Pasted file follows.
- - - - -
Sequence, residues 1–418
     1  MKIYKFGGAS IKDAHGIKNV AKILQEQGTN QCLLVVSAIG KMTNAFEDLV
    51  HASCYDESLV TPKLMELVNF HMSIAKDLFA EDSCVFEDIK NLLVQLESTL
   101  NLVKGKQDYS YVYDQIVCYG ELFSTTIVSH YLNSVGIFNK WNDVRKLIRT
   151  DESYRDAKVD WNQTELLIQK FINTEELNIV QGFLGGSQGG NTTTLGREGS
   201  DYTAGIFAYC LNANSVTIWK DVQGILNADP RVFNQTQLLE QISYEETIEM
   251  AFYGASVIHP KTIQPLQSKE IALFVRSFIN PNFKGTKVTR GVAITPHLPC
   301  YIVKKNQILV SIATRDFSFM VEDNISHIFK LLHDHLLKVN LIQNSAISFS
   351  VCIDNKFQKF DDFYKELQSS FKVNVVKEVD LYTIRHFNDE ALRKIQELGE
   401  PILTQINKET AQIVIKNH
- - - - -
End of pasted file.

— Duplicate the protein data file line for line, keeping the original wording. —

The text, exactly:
Sequence, residues 1–418
     1  MKIYKFGGAS IKDAHGIKNV AKILQEQGTN QCLLVVSAIG KMTNAFEDLV
    51  HASCYDESLV TPKLMELVNF HMSIAKDLFA EDSCVFEDIK NLLVQLESTL
   101  NLVKGKQDYS YVYDQIVCYG ELFSTTIVSH YLNSVGIFNK WNDVRKLIRT
   151  DESYRDAKVD WNQTELLIQK FINTEELNIV QGFLGGSQGG NTTTLGREGS
   201  DYTAGIFAYC LNANSVTIWK DVQGILNADP RVFNQTQLLE QISYEETIEM
   251  AFYGASVIHP KTIQPLQSKE IALFVRSFIN PNFKGTKVTR GVAITPHLPC
   301  YIVKKNQILV SIATRDFSFM VEDNISHIFK LLHDHLLKVN LIQNSAISFS
   351  VCIDNKFQKF DDFYKELQSS FKVNVVKEVD LYTIRHFNDE ALRKIQELGE
   401  PILTQINKET AQIVIKNH